The sheriff’s office said it would conduct an internal investigation, adding deputies accompanying Jones did not see the assault.

Sheriff Earl “Moose” Butler called the attack cowardly.

“Regardless of political affiliation, speech, race, national origin, color, gender, bad reputation, prior acts or political demonstration, no other citizen has the right to assault another person or to act in such a way as this defendant did,” Butler said.

Trump’s campaign rallies are boisterous, with the billionaire businessman often pausing to scold protesters and ask security officers to take them away. At a rally last month in Nevada, he said of a protester: “I’d like to punch him in the face.”


The New York real estate magnate is the front-runner to be his party’s nominee for the Nov. 8 presidential election.

Trump’s hour-long speech in the packed North Carolina arena was interrupted at least 16 times, according to a Reuters reporter who attended.

A friend of Jones, Ronnie Rouse, said they attended the event to observe, not protest, and were told to leave after an exchange with another man who Rouse said used a racial slur.

Jones, who works for an inventory company and as a tutor, said the punch by a man in a cowboy hat came out of nowhere as he walked up the stairs to leave. He was then handled roughly by deputies but not arrested, adding his right eye was swollen and bruised.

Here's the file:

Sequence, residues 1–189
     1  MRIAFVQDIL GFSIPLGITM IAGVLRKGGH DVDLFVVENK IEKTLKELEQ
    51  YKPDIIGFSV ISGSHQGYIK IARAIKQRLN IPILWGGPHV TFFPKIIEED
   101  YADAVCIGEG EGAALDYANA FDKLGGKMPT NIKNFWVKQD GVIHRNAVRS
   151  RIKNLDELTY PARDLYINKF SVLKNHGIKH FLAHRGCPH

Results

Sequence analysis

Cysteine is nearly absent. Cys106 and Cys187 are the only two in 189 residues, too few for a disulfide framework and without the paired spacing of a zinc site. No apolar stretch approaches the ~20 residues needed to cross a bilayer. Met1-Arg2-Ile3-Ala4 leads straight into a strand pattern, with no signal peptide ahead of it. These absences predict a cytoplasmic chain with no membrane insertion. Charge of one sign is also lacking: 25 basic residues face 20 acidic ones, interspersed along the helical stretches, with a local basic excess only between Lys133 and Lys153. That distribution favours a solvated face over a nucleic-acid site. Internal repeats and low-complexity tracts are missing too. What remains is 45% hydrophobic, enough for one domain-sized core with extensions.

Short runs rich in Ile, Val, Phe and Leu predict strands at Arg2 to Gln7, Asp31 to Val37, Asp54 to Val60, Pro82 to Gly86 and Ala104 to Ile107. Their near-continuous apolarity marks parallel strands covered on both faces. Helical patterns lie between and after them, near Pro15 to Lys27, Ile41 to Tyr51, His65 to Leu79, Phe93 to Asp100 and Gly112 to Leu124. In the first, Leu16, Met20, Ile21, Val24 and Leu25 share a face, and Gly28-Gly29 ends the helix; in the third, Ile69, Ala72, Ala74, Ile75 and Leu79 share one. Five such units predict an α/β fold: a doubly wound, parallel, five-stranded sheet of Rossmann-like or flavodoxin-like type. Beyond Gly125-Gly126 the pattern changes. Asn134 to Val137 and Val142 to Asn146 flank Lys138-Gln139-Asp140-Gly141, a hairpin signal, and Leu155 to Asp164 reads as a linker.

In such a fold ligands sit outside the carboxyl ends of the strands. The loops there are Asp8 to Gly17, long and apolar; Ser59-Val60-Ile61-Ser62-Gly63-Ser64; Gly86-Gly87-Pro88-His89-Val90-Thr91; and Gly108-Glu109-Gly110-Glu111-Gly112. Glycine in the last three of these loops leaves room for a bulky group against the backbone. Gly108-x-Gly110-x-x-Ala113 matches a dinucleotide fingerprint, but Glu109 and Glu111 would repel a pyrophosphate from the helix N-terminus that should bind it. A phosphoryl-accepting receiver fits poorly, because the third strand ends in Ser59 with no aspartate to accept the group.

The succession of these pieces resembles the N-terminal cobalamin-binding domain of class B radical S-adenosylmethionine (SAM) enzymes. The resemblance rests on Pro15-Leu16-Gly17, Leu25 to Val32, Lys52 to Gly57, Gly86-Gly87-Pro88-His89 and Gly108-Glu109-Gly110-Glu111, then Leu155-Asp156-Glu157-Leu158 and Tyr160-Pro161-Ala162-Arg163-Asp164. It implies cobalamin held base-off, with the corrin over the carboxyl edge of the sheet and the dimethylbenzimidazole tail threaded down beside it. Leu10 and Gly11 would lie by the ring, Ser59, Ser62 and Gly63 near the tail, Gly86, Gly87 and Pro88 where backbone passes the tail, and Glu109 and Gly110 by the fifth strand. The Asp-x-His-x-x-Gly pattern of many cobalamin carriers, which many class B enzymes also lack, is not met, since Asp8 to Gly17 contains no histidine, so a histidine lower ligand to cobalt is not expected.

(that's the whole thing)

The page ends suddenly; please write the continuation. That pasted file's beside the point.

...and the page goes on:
“The whole arena cheered as I was being escorted out and even more so after I got hit,” he said.




Sukumaran’s final paintings back in Aust

The final paintings by Bali Nine ringleader Myuran Sukumaran have arrived back in Australia, almost a year after his execution in Indonesia.


The delivery of death row artworks was announced on social media on Friday afternoon by Sukumaran’s mentor and friend, Sydney artist Ben Quilty.

The Archibald winner posted a photo of wooden boxes and wrapped canvases to Facebook with the caption: “Myu’s paintings safely and finally back in Australia”.

It comes more than 10 months after Sukumaran and fellow convicted Bali Nine drug smuggler, Andrew Chan, were executed by firing squad on Indonesia’s Nusakambangan island on April 29, 2015.

The western Sydney pair were arrested in 2005 for attempting to smuggle heroin out of Bali and spent the next decade in Kerobokan Prison.

They were dubbed the ‘godfather’ and the ‘enforcer’ of the nine-person drug syndicate.

One of Sukumaran’s lawyers reached out to Quilty in 2012 after his imprisoned client expressed a desire to learn how to paint.

With the artist’s guidance, Sukumaran began teaching classes to rehabilitate other inmates.

He was awarded an associate degree in fine arts from Curtin University just months before his death.

Some of his most haunting works are believed to be among the cargo, including one of the Indonesian flag dripping with blood and a self-portrait with a gaping hole in his chest where his heart should be.

The oil painting was transported off the island, still wet, by his lawyer Julian McMahon during a three-hour visit at Besi Prison just days before Sukumaran’s death.

A month earlier, Sukumaran revealed a painting of Indonesian President Joko Widodo with the inscription “People can change” after his final plea for clemency was denied.

The 34-year-old’s paintings became noticeably darker as his execution date drew near.